So: I went in for a thorough cardio checkup, a long overnight at Duke Med. As the capstone of the process they stuck me in this MRI machine for a long hour of lying stock still on my back, eyes closed and hands slowly going numb under the barrage of whanging and zapping aimed at discovering what if anything functional was left in my upper torso.
In cardio terms, the MRI was a success: they said my heart was pretty much okay for a guy my age: go home, take the pills, and keep in touch.
But an hour later, when I clicked the news on the iPad, I got an eerie sinking feeling: maybe there had been more to that big machine than just a very noisy electronic stethoscope. What if it was also a reverse time machine, doubtless part of the CIA’s vast secret UFO research: when they rolled me in, it was 2021. When I came back out into the light, in much of America it was 1964, or maybe 1953.
Not that I was younger, or anything good was back from those days (big Hershey bars for a nickel, Cokes for a dime, and Elvis on the juke box). Instead, 56 years of civil rights history was gone. While I was in that light beige reverse birth canal, the Voting Rights Act disappeared.
They said the switch was courtesy of the Supreme Court, but now I’m wondering if it wasn’t some of the UFO Lizard People, disguised in black robes.
But, some scoff, you liberals and your conspiracy theories! The Voting Rights Act didn’t go anywhere. Just a bit of tinkering & updating.
And sure, I soon found there are pieces of it left. Such as the simple yet stirring preamble, which named it
“AN ACT To enforce the fifteenth amendment to the Constitution of the United States, and for other purposes.”
What “other purposes”?
For one, to remember the struggle and sacrifices of many in the South and elsewhere whose labors over a long shadowed century made it possible.
To do that, in July 2006 Congress picked three women as avatars of this century, when they reauthorized it as The Fannie Lou Hamer, Rosa Parks, And Coretta Scott King Voting Rights Act Reauthorization And Amendments Act Of 2006:
The Voting Rights Act of 1965 (VRA) was designed to restore the birthright of every American – the right to choose our leaders. It has been vital to guaranteeing the right to vote for generations of Americans and has helped millions of our citizens enjoy the full promise of freedom.
Indeed it has been. But the past tense is about all that’s left: the lizards had cut its heart out in 2013, and now they’d finished off its teeth. The consolation prize “good news” of the day was that instead Congress might decide to remove and replace an obscure bust of Roger Taney, the onetime Supreme Court Chief Justice.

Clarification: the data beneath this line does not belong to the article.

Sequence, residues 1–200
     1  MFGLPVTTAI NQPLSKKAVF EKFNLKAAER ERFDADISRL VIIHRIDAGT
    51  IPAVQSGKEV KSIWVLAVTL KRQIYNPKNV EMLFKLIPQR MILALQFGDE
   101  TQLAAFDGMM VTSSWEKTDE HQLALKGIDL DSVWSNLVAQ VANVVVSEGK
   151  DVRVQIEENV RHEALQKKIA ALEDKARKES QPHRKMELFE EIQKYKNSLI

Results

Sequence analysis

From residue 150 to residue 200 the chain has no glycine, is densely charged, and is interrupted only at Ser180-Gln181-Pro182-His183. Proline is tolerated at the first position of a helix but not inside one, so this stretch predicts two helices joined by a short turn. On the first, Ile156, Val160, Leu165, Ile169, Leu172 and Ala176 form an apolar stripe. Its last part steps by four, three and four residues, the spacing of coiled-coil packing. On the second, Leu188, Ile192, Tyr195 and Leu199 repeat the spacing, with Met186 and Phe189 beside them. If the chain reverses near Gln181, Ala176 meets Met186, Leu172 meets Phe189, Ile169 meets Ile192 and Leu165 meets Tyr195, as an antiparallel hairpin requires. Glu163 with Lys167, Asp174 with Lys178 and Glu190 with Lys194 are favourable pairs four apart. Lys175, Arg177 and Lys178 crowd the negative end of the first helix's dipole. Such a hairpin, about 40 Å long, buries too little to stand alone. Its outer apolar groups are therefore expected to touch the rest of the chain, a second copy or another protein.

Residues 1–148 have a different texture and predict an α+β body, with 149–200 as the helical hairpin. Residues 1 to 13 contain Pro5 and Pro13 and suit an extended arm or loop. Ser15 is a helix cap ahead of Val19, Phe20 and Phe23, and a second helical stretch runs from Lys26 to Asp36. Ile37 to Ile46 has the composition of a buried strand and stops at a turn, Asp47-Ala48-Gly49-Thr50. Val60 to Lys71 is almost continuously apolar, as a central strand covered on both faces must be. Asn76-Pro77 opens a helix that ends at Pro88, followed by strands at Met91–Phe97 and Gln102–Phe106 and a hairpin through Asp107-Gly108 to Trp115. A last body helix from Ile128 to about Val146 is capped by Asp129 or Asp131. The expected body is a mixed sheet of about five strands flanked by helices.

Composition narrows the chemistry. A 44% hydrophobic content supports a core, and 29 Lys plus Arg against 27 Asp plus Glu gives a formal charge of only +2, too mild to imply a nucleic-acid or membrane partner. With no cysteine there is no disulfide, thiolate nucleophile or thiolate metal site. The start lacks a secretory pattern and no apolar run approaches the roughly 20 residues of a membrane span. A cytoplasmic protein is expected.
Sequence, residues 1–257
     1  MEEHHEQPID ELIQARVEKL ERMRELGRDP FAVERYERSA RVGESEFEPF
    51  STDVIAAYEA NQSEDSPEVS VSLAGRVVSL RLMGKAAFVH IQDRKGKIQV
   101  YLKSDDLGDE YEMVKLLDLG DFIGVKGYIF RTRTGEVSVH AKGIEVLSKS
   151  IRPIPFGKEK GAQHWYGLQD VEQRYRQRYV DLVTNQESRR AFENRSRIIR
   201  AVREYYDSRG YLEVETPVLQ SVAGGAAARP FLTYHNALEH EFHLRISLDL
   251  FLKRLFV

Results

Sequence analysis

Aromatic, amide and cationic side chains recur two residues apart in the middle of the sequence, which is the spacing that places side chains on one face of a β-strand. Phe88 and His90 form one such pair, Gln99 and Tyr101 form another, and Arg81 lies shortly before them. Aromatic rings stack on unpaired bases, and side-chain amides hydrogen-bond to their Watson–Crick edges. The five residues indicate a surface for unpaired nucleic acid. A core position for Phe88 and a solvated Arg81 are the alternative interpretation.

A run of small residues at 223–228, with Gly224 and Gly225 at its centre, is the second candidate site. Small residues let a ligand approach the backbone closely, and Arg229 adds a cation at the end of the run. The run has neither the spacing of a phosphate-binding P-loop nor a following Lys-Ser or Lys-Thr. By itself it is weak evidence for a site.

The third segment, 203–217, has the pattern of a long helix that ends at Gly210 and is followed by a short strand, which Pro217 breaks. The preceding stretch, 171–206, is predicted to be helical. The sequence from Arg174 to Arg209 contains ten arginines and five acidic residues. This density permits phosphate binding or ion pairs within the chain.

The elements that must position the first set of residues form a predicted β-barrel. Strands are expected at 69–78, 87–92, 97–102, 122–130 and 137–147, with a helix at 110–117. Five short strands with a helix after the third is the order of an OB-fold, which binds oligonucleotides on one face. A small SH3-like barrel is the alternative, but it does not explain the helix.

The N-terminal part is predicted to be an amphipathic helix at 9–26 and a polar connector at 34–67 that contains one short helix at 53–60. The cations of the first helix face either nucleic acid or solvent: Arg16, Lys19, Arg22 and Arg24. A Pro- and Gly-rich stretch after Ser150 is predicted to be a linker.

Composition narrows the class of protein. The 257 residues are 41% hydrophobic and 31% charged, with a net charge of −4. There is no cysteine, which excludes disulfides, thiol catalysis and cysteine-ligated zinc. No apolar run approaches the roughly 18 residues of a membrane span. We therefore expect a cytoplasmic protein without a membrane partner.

Taney chiseled his name into history by fathering the infamous Dred Scott decision in 1857. He meant for that case to secure the future of legal slavery: instead it ensured the coming of an uber-bloody civil war.
Taney lived to see the devastation he had unleashed taking down the order he had acted to cement: the day he died, in October 1864, his home state of Maryland formally abolished slavery.
Less than a month later, his nemesis, Abraham Lincoln, was re-elected president. And in the past decade, Taney monuments have been removed from several public places. If the U. S. Senate ever concurs, his visage in the Capitol is due to be replaced by that of Justice Thurgood Marshall.
But despite its rightness, this prospect did not cheer me up yesterday. Switching statues will neither remove nor repair the legal rubble which is just about all that remains of the Voting Rights Act and its once-mighty achievements.
Where from here? There is much muttering in far-right corners about starting a second civil war, with the aim of carving out either an all-white or permanently white-ruled ethnostate from the ruins of the republic. But after yesterday, it looks increasingly like neither the war nor territorial dismemberment will be needed.
Between the lizard majority on the supreme bench, and the rush to solidify red political rule this bloc has now fully green-lighted, the elements of nationwide white ethnostate rule seem just about entirely in place. If the trigger is not pulled on this in November 2022, there will be November 2024 soon after.
Maybe I got out of that MRI time machine at Duke too early. Next time I’ll tell them to set the timer for somewhat earlier. Say 1861.
And if they can do that, how about sending Fannie Lou, Rosa and Coretta on ahead. With titans like them to follow, I think we’d have a better chance. At least it would be something I could really put this old heart into.
Enjoy your long weekend.